PW: You've been studying Shakespeare for a long time. How did the idea for Will in the World come to you?
The idea came to me in the wake of a series of conversations I had with the filmmaker Mark Norman. He came to see me in Berkeley more than 10 years ago and said he wanted to make a film modeled on Amadeus on the life of Shakespeare, and he wanted to pick my brain. I discouraged him at the time, saying the life wasn't that interesting.
The movie was eventually made—it was Shakespeare in Love. Actually, I thought the movie was quite good, hilariously and deliberately inaccurate. I began to think about academics like me who are passionately interested in history and the relation of his work with history, but had an odd allergy to the man himself. Biography is the only literary genre in which the larger public is interested. I began to think of the popular instinct—that something in the life must explain the intensity of the work—a correct impulse on the part of millions of readers.
Much of your account is speculative. Are you frustrated by how much it's not possible to know about Shakespeare and his life?
I probably should answer yes, but I would say two things. First of all, we have rather more information about the historical Shakespeare than is widely thought. That said, you're absolutely right, when you actually try to do the work of connecting the life to the writing in a meaningful way, to make them speak, you do have to speculate. It's risky because you can get it wrong. But Shakespeare encourages you to use your imagination—that's the nature of the work. It doesn't strike me as unreasonable.
Do you now really feel you know who the man Shakespeare was?
I feel I do know him rather better than I did when I began. I feel I know certain key things. One test of knowing him, for me, if I could sum it up in a word, is that I had to change my mind about what it was I wanted to say about him.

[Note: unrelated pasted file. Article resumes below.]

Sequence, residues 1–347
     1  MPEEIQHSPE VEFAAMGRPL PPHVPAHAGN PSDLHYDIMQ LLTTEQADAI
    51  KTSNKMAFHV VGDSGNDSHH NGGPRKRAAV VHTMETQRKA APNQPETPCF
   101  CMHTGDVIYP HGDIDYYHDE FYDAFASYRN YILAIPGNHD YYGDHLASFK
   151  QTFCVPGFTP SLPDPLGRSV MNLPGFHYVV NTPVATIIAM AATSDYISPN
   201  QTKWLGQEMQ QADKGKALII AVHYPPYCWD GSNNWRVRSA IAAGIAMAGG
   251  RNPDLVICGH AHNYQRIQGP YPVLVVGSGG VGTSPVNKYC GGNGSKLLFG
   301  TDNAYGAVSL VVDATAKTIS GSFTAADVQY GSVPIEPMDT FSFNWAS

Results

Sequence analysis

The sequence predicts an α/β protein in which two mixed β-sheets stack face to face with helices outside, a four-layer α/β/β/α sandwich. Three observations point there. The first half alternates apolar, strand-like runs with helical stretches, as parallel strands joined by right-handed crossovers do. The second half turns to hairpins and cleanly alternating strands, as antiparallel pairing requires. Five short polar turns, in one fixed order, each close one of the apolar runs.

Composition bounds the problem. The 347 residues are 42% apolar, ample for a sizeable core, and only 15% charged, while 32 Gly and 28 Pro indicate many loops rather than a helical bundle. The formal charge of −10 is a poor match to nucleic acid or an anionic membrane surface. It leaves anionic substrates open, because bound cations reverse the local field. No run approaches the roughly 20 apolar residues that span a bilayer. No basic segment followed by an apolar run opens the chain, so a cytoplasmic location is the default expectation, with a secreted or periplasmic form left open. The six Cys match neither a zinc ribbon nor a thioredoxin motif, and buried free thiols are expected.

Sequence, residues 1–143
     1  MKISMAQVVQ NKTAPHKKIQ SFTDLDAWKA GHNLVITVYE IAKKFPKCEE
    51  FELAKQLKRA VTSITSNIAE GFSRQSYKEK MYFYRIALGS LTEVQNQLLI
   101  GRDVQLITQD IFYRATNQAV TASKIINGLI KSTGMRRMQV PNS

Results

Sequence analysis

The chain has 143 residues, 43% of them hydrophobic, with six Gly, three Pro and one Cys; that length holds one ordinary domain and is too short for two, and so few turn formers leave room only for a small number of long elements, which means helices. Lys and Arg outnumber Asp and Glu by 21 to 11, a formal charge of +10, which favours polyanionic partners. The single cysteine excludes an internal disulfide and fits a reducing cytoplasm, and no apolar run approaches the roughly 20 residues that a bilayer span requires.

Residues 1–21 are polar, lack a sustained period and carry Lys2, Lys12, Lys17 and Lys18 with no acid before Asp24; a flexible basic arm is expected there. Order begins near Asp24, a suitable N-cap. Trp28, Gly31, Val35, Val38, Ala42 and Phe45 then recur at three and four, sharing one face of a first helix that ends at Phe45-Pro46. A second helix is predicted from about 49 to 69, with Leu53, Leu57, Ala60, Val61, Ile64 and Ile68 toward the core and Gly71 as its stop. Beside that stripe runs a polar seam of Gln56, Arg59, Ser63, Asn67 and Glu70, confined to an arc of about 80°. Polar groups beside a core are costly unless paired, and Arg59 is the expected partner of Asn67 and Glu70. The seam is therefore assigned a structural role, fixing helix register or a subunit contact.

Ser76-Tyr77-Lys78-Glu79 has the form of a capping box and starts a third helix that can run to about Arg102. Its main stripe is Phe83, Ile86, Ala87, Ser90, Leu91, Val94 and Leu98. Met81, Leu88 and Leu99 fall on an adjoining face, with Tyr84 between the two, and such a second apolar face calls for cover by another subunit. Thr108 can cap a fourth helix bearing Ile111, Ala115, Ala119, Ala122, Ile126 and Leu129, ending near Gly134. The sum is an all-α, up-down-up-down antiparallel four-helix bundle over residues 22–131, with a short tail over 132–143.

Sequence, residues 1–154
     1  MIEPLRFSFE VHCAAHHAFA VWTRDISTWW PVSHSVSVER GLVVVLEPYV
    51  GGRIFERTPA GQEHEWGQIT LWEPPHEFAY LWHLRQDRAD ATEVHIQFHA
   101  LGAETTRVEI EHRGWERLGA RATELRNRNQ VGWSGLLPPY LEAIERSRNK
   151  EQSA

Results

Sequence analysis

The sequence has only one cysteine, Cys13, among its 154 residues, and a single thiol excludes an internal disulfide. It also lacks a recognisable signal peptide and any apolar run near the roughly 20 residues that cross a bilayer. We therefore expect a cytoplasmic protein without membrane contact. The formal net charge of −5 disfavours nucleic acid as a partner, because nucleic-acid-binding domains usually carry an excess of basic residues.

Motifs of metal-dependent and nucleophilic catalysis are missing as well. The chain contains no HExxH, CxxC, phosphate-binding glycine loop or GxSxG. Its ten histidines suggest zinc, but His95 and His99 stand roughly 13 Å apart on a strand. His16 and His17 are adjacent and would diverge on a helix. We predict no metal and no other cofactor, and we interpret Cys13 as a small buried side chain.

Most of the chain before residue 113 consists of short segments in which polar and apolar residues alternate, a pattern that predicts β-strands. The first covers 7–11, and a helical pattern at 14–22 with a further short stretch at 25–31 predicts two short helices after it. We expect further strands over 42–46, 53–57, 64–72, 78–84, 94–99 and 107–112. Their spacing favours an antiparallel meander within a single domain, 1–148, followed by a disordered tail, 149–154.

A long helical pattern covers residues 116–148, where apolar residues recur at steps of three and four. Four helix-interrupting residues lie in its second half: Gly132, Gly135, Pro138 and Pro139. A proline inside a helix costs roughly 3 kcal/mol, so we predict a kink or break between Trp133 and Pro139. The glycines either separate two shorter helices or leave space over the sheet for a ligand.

I thought I was going to write about Shakespeare as a figure of immense generosity, and in some sense I did. But not in the way I thought I was going to. It became increasingly clear to me that in his life, the last will and testament, in relations with his colleagues, generosity is not the appropriate word. There was a much more complicated relation than I understood between his imaginative generosity, which is truly immense, and what we would normally think of as generosity.
Another example: there's a wonderful book by John Bayley about Shakespeare and love, Shakespeare as an extraordinary lover. But the more one grapples with his life, the more difficulty you come up with in loving. Of course he's an immense poet of love, but it's much more troubled and difficult than I had fully anticipated in the beginning.
What's next for you?
At the moment, there's a lost play of Shakespeare's called Cardenio, which he wrote with John Fletcher. With a professional playwright friend of mine, Charles Mee, we have written a play inspired by the lost play. We have a draft of it, and we hope to see it performed. This is a different experiment from the biography, but an experiment to see if I can do something differently—step behind the curtain and look at a play from the making side.